Tidbits from around the compass

Party on, Garth
How many times can you listen to “Two Piña Coladas” live? In June and July, Lafayette will get not one, not two, but five helpings of Garth Brooks. The country music megastar has announced five performances at the Cajundome during his world tour. This will be the first time Brooks has performed in Lafayette in 25 years, so pile an extra scoop onto his plate lunch when he (thunder) rolls through. *Obligatory Chris Gaines joke.*

Mysterious smell: total BS
Spring was in the air in late April and so was, ugh, good heavens, what was that smell? So many Lafayette residents were concerned, or rather disgusted, about the parishwide stench that local news outlets were prompted to investigate. One theory was BS: a spokesman for the Louisiana Department of Transportation and Development suggested that the odor may have drifted from a manure processing facility in Iberia Parish. The stench dissipated, leads dried up, but the mystery hangs in the air.

It ain’t rosy, Lafayette voters
After the failure of two tax renewals on April 29, the future of projects like drainage and infrastructure improvement and funding for public parks looks bleak. Lafayette Parish residents voted down a half cent sales tax for public schools as well as two tax renewals: one for the parish courthouse and another property tax to operate and maintain the parish jail. The renewals accounted for roughly $10 million, which will now have to be cut somewhere from the parish budget. “There is no way to paint a rosy picture,” Mayor Joel Robideaux told The Acadiana Advocate. “It does put us in a really dire predicament.” The local business community had rallied support for the school tax, but it fell on deaf ears. Only 17 percent of eligible parish voters participated.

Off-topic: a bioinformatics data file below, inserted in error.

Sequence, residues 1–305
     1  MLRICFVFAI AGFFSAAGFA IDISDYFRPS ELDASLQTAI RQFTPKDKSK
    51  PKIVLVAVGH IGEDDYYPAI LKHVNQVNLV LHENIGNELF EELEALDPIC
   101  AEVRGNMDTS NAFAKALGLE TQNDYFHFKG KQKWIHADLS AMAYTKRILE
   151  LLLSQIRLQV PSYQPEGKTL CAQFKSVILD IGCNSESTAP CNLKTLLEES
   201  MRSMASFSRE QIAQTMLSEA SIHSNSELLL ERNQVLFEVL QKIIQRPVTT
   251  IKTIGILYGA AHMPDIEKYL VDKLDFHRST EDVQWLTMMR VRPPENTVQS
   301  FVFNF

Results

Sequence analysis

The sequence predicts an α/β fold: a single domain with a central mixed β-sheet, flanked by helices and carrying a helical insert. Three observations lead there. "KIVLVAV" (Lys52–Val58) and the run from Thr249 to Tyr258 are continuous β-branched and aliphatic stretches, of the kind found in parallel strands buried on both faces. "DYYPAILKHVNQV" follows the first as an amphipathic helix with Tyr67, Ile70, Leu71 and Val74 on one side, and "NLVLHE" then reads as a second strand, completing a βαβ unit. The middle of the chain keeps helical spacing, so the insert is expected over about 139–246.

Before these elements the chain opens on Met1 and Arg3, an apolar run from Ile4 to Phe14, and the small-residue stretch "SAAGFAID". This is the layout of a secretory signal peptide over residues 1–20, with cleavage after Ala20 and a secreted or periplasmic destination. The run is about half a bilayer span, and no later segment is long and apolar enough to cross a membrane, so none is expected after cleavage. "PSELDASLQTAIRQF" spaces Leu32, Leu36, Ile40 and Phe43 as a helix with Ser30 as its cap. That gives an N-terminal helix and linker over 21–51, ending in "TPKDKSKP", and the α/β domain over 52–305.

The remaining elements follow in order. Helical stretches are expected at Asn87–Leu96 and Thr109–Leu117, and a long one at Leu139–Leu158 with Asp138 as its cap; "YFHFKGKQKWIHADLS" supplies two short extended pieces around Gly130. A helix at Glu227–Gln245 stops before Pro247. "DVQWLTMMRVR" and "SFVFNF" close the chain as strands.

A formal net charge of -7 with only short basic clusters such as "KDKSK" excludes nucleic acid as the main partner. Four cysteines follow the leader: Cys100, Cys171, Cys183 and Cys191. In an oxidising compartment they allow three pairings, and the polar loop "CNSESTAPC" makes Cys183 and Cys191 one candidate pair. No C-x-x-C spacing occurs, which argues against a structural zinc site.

Kennedy leaks unclassified buffoonery
Louisiana Sen. John Kennedy had his moment to ask the tough questions during former acting Attorney General Sally Yates’ hearing. Right there before him sat James Clapper, director of national intelligence. “Have you ever leaked classified or unclassified information?” he asked Clapper. “Well, um, unclassified is not leaking,” Clapper replied, inspiring a fit of laughter from the Senate committee chamber. The blogosphere erupted and rejoiced: A Louisiana senator is a buffoon, the think-pieces rang. Rookie mistake, senator. Not all press is good press in the information age.

Arson and sabotage in zydeco country
Miller’s Zydeco Hall of Fame in Lawtell and the Charcoal Lounge in Opelousas were both destroyed within one week, and early investigations point to arson. William Kevin Rideau, 33, was arrested and charged with two counts of simple arson and two counts of criminal trespass in May. Rideau owns the Winners Lounge, which is a block away from the Charcoal Lounge. The circumstances raise the spectre of competitive sabotage, but the motive behind the arson remains under investigation, authorities said. For decades known as Richard’s, Miller’s Zydeco Hall of Fame was a staple stage in the zydeco world, hosting generations of legends like Boozoo Chavis. Owned by State Rep. Dustin Miller, the club had quieted in recent years. Miller demurred on plans to reopen, a decision he says carries with it a weighty burden. Miller’s was among the last of the great zydeco dance halls.